Citizen Jane: Battle for the City
Matt Tyrnauer’s Citizen Jane: Battle for the City is the the kind of film that makes one feel smarter and more aware of one’s surroundings upon leaving the theater.
The documentary on writer and urban activist Jane Jacobs spins a spellbinding yarn of mid-20th-century citizens banding together to fight the “progressive” interests of people oblivious to how successful cities actually work.
Recreated through an impressive array of archival footage and photos, Jacobs’ journalism background and commitment to her neighborhood make her an ideal candidate to counteract the efforts of city planner Robert Moses, whom Tyrnauer excels at setting up as the film’s villain.
While Moses’ idealistic urban renewal seems beneficial in principle, once the consequences of his short-sighted projects become evident and his spoken and written words reflect a disregard for the people living in the targeted neighborhoods, he’s doomed. His documented dismissive responses to Jacobs’ seminal work, The Death and Life of Great American Cities, likewise do him no favors and make it even easier to root against him.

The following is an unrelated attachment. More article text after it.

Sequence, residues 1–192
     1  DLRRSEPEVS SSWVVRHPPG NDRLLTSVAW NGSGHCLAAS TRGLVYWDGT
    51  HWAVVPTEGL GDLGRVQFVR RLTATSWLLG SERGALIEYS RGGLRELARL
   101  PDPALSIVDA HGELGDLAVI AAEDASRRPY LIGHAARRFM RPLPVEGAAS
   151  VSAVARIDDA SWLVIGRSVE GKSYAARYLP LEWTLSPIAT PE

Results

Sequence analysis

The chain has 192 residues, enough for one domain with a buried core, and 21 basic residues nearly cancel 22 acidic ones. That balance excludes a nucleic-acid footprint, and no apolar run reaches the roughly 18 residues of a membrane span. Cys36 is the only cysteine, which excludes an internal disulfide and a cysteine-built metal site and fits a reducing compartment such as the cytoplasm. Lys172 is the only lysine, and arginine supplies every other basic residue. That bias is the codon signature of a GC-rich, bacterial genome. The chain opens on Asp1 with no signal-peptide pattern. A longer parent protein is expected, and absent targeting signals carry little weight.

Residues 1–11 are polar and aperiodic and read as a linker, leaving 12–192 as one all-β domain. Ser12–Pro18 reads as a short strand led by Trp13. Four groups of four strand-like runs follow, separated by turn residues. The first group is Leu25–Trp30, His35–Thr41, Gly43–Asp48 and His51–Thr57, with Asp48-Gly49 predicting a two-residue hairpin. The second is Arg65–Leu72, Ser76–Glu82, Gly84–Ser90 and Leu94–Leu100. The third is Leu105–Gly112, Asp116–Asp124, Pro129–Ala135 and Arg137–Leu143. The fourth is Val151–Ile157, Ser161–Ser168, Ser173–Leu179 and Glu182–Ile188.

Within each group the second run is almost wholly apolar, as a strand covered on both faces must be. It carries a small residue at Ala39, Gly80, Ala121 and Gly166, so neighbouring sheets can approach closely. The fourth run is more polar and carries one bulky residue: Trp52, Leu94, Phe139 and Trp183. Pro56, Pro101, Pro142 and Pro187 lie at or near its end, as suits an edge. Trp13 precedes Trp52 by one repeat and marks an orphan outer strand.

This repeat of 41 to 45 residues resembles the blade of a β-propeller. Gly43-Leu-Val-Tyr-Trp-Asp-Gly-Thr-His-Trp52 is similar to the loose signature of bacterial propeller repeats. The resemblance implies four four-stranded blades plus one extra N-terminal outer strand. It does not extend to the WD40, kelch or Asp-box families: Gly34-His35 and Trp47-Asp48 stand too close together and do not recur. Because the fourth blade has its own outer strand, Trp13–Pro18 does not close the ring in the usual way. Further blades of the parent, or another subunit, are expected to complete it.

Though Citizen Jane’s central events occur in the 1950s and ‘60s, Tyrnauer and the intelligent present-day interviewees he assembles – ranging from architects to Jacobs’ biographer – convincingly argue for those decisions’ ripple effects remaining pertinent today.
Statements of China’s current urbanization trends being a steroidal version of Moses’ methods is particularly concerning, but also the type of detail with the power to inspire current and future city planners to be more conscientious.
Grade: B-plus. Not rated, but on par with a PG rating.
**What Next? and Dinner Party Fodder for Citizen Jane: bonus insight and follow-up film suggestions, available exclusively to patrons.**
(Photo: IFC Films)